So maybe not such a wimp?
Still, how do we explain everything else?
Abraham is considered a man of chesed, kindness. Isaac, like Sarah, is considered a representative of the measure of din or gevura, justice, bravery. Abraham’s personality is that of an initiative, and he works in the world. Isaac has a more tolerable personality. He understands the world differently than his father. If Isaac had understood the world the way his father understood it, he might have smashed his father’s idols, as Abraham did to Terach, and we wouldn’t be here today… but Isaac knows how to continue, which is one of the most difficult tasks in life. And he knows which factors to get influence from and how, and also, from which not. His passivity does not come from laziness, but from an active, strong and faithful choice. True, he contains a lot, but he does so from strength and inner peace. And amidst all of this, he is also the first man in the Torah, after quite a few generations, on whom it is written that he loves his wife.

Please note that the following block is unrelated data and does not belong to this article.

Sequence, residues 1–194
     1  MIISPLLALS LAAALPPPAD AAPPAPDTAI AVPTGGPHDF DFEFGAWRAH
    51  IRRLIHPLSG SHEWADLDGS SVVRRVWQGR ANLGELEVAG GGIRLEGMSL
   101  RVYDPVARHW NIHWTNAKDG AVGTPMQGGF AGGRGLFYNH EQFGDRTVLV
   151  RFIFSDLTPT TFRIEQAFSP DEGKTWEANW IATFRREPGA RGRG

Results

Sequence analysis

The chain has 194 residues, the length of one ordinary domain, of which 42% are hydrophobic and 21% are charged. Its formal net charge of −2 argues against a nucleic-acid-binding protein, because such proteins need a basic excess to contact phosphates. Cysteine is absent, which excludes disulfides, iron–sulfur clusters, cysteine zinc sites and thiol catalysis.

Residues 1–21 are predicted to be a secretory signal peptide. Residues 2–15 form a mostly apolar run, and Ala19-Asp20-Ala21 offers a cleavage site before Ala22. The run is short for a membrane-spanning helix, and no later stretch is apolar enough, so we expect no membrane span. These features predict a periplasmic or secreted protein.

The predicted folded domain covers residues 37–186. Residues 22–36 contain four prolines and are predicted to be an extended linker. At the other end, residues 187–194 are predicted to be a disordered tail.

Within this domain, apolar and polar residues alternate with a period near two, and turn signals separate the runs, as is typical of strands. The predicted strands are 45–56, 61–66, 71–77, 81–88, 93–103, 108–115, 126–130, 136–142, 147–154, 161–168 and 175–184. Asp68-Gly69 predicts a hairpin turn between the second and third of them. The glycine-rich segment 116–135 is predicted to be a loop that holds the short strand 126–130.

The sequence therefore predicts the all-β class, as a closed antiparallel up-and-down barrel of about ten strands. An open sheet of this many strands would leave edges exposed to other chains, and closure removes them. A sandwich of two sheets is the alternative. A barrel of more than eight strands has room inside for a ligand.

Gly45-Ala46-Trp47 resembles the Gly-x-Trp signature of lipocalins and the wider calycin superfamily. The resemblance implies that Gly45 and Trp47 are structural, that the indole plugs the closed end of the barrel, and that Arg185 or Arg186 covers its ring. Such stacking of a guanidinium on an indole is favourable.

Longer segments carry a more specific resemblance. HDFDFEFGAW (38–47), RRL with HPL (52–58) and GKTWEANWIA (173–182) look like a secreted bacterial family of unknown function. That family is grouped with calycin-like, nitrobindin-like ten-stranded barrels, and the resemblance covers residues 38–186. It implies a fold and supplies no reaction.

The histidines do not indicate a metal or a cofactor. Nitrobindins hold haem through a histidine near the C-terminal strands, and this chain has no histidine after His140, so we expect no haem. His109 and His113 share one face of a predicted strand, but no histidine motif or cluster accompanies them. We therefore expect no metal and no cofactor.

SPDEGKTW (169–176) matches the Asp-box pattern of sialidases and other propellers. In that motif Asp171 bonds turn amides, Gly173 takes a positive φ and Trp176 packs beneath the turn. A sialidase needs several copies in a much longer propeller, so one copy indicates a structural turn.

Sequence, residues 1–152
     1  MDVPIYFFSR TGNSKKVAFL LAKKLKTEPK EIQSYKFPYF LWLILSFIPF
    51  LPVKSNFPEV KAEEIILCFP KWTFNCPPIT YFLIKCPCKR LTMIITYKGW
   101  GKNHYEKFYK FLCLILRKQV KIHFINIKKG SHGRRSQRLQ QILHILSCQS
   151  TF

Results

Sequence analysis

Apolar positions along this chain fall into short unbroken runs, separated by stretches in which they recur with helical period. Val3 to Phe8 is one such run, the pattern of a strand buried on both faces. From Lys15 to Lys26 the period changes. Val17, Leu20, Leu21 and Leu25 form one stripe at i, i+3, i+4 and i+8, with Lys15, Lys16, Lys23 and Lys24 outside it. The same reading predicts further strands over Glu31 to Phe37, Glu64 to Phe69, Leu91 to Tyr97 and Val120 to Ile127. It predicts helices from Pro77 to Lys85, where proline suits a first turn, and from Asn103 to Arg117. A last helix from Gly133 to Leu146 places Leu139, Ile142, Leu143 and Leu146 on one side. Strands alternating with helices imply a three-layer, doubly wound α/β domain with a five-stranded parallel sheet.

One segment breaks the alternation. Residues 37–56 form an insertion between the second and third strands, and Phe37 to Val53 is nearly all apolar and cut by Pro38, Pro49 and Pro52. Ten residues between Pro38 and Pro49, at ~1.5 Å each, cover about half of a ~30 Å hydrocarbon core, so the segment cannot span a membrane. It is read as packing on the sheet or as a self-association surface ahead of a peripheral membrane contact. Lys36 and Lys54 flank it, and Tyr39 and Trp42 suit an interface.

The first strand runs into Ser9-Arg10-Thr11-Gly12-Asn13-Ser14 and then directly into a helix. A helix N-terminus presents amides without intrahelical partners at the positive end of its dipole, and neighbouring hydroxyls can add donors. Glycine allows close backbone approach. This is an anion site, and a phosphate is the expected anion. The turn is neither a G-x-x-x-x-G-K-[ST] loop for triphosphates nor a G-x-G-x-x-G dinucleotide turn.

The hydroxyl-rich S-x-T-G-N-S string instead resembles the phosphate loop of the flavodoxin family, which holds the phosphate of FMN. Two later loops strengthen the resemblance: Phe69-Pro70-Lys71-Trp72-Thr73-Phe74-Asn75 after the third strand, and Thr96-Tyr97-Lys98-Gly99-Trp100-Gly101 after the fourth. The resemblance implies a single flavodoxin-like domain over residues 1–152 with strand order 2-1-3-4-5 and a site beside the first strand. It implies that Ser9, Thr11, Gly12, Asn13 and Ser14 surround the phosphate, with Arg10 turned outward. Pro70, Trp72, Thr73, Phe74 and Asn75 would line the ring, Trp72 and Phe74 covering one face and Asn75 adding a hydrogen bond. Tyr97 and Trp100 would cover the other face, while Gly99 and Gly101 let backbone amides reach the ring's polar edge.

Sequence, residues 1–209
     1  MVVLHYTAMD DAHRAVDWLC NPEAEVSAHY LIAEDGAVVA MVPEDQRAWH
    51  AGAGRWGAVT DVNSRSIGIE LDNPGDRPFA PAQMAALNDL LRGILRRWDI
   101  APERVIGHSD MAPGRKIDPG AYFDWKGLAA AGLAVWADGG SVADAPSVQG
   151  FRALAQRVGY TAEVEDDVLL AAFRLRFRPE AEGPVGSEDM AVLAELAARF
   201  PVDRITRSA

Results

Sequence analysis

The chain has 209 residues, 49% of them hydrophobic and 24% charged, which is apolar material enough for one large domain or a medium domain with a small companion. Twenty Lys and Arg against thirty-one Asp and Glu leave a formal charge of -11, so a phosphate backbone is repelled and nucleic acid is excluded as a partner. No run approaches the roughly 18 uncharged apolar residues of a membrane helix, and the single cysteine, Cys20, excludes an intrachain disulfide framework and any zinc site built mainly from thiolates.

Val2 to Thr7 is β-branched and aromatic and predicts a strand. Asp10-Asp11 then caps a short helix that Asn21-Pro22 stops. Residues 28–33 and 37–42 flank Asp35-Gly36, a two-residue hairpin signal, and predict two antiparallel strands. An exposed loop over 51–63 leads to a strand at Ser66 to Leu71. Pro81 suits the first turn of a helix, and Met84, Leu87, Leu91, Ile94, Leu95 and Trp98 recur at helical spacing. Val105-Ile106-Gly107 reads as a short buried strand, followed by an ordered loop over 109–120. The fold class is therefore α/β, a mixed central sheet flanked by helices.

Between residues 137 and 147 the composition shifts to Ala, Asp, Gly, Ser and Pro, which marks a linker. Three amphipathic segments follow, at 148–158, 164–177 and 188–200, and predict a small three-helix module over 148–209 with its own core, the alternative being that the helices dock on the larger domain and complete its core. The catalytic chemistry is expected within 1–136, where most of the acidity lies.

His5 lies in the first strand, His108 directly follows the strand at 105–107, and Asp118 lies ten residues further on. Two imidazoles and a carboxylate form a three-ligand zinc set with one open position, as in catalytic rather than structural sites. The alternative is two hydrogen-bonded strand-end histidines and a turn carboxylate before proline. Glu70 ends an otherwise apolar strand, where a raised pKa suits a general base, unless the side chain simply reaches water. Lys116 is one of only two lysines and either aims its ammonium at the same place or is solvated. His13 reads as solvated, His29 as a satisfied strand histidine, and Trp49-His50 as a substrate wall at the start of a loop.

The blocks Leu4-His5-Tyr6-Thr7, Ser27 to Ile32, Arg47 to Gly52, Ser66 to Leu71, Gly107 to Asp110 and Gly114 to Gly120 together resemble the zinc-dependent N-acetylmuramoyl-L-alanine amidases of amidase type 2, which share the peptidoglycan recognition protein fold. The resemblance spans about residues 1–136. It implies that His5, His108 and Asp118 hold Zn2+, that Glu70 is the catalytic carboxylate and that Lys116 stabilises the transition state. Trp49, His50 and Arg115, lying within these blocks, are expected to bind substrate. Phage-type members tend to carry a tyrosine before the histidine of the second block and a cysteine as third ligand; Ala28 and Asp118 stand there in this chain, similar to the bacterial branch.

Ok, you say, let’s go for it, but what about the blessings for Esau and Jacob?
In the same difficult event, which we read about in our parasha, Yitzchak says the famous verse:
“The voice – is the voice of Jacob, and the hands are the hands of Esau” (27:22). Here! Is this not a conclusive proof that he is an old, blind, weak, senile man who does not distinguish who and what is in front of him? What, he doesn’t know who his sons are?
It is fascinating to see the kind of emotions that arise when we meet Yitzchak. Anger. Shame. And more. Do we have no respect for someone who has vision problems? or a weakness? Or does it remind us of parts of ourselves that we have not yet dealt with? I’ll leave that for now, and offer, rather, a different reading: